When Jennifer Tate walked into her local hardware store early this Sunday morning, she couldn’t believe what she saw.
“I was shocked. The parking lot was actually full at the Winthrop Ace Hardware. I’ve never seen it full before,” Tate said.
She donned her mask and went inside to grab a part for a greenhouse.
“It was packed. Lines of people waiting for fishing licenses – no one that I recognized. Of course, it’s such a small town here that all the locals, we recognize each other,” Tate said. “It was pretty stressful.”
Tate lives in north-central Washington’s Methow Valley, which usually thrives on tourist season. But this year Okanogan County is not yet in Phase 2 of Washington’s “Safe Start” plan. (Phase 1 and 2 ask people to recreate and explore close to home. All non-essential travel can resume in phase three.)
“They usually do a car count (over the) weekend to see how many cars are returning to Seattle from this area. There were almost 100 more cars returning this weekend than there were the year prior,” said Tate, who is the marketing consultant for the Okanogan County Tourism Council. “It appears there were more people here this weekend than there were the year prior, which is just almost unbelievable.”
Ask To Stay Closer To Home
Rural areas across Washington have asked people to recreate close to home, as the state begins to open up more businesses. Central Washington’s Kittitas County asked people to stay away over Memorial Day weekend, as it waited to hear back about moving on to Phase 2.
Photos circulating on social media showed cars lining streets of downtown Winthrop and along roads on the Interstate 90 corridor.
Hey #OkanoganCounty & @GovInslee thanks for enforcing the “stay home, stay safe” order & keeping our rural valley’s population safe. Cars 20 deep in Winthrop. People everywhere. pic.twitter.com/L8tc2aqQtY
— chris solomon (@chrisasolomon) May 24, 2020
The concern is that people can bring the coronavirus into these small towns that have fewer medical resources already available.
“In our local valley, we have three hospitals. It’s very difficult. Our supplies are still not getting to us at a normal rate,” Okanogan County Emergency Management director Maurice Goodall said. “There’s still things backlogged. We’ve got enough that we’re protecting ourselves – we’ve got things stocked up. But it comes down to manpower and beds.”
Those supplies could be strained if an outbreak occurs in the next few weeks or months, Goodall said.
As of May 22, Okanogan County reported 44 confirmed cases of COVID-19 and two deaths.
Goodall said the county will continue watching for any more spread of the virus. But, he said, it’s hard to enforce.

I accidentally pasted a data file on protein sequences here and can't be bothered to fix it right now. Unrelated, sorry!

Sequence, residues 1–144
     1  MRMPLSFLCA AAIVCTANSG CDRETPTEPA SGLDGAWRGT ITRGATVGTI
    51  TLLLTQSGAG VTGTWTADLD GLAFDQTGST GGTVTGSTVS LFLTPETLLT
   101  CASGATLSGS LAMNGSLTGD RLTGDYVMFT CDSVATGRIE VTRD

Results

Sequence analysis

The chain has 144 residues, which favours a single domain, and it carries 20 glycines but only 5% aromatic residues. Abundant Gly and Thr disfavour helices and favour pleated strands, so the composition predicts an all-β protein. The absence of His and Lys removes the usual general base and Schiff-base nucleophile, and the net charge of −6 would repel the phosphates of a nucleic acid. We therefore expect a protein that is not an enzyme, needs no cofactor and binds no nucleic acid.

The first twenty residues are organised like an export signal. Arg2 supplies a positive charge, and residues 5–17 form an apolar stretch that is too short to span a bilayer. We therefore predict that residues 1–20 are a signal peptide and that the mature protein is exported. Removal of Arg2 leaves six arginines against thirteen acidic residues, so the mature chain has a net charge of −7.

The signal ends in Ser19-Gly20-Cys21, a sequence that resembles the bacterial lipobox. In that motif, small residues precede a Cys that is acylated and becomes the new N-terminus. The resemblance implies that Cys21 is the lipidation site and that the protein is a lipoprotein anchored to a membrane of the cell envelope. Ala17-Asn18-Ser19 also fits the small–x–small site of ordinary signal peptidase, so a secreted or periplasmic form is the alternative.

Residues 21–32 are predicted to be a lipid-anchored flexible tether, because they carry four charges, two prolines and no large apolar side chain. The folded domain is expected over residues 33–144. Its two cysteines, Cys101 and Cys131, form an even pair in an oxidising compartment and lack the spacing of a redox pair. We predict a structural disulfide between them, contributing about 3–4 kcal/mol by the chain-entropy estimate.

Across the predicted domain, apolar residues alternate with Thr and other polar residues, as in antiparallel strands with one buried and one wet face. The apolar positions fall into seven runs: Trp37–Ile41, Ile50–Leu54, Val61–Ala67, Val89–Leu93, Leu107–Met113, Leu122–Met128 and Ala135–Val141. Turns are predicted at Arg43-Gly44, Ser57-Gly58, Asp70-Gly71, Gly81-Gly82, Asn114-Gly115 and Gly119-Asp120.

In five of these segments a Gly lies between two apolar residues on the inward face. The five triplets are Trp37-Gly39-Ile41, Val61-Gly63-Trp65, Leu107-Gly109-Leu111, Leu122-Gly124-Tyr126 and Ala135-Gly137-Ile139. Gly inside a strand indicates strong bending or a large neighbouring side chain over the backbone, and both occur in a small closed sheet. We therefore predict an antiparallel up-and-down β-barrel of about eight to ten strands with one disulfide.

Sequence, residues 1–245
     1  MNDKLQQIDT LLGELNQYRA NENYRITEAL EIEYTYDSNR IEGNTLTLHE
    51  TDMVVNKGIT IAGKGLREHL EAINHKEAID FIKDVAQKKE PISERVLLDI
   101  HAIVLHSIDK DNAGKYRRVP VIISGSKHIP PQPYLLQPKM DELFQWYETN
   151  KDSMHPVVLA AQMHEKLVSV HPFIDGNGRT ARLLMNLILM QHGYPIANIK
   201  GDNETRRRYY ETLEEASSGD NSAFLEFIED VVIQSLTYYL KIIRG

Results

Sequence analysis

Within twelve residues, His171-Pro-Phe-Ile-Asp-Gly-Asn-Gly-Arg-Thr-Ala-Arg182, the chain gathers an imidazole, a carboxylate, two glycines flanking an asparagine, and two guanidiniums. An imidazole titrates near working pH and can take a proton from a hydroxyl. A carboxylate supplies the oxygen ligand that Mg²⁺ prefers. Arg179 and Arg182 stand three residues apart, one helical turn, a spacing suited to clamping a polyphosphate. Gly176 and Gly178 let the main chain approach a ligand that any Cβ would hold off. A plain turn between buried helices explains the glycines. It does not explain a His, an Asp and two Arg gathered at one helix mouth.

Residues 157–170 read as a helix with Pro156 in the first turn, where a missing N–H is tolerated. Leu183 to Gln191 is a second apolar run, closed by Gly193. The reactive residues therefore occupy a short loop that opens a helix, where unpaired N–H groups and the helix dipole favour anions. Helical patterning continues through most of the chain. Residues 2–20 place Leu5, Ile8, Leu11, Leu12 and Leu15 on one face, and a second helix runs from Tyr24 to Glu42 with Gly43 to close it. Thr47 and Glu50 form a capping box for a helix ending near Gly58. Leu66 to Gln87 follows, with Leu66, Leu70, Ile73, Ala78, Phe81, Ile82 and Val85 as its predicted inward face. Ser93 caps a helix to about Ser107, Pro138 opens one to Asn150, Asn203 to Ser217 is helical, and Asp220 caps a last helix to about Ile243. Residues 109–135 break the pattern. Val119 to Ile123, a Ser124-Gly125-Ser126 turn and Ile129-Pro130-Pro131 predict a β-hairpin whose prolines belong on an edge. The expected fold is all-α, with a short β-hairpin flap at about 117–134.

“What we ask is for people to think about others,” he said. “What I think that we’re seeing is we’ve got believers and non-believers. I think they’re in their corners. It’s very hard for us to enforce anything when somebody comes to town.”
He said with the photographs that are circulating, it’s difficult to always tell when someone isn’t socially distancing: Is that a family out together? Or is it a group of friends? But long lines are a giveaway that people aren’t staying close to home. He asks people to use common sense as they move about their lives, with respect for others.
“We’re asking that you wear a mask around other people. We’re not asking you to wear the mask when you’re out there by yourself or when you’re driving down the road,” Goodall said. (He said he always wears a mask when he’s in a store.)
“I don’t really care what you do, but when a negative outcome comes to someone else because of your actions, then that becomes a problem,” Goodall said.
Some people might have vacation homes in the area, he said. But Goodall doesn’t personally consider visiting a second home as “staying close to home.”
He said hotels and motels in Okanogan County are still restricted to only essential travelers. The Washington Department of Health has issued recommendations for accommodations, including closing lobby and seating areas and routinely cleaning handrails and elevator buttons.
Jennifer Tate said an Expedia report showed 38 percent of the site’s Methow Valley lodging was open this past weekend for reservations.
Tate, who also works for the Washington State Tourism Alliance, said she’s heard some vacation rental homes are continuing to open their doors to out-of-town guests, especially in cities like Chelan. Tate said coworkers who live near vacation rental spots believed these guests were not essential travelers, as they headed to recreate in the lake.
“So the feelings in our communities, people are feeling very fragile and very disheartened. Just generally disappointed with how people are treating these rural communities that are incredibly vulnerable in terms of our healthcare infrastructure,” Tate said.
She said many locals in the Methow Valley are staying inside (especially as people expected a large tourism turnout over Memorial Day weekend). If people stay local, it will help residents in the Methow Valley to use their own local trails instead of “hunkering down,” Tate said.
The Washington State Tourism Alliance is developing a plan to help people “Explore Your Backyard.” The project will roll out soon, Tate said.
“We’re hoping that people can take a breath, take a step back and expand and explore your own backyards and maybe discover something new about your own area,” Tate said.
CORRECTION: The Washington State Tourism Alliance is the correct name of the organization for which Jennifer Tate works.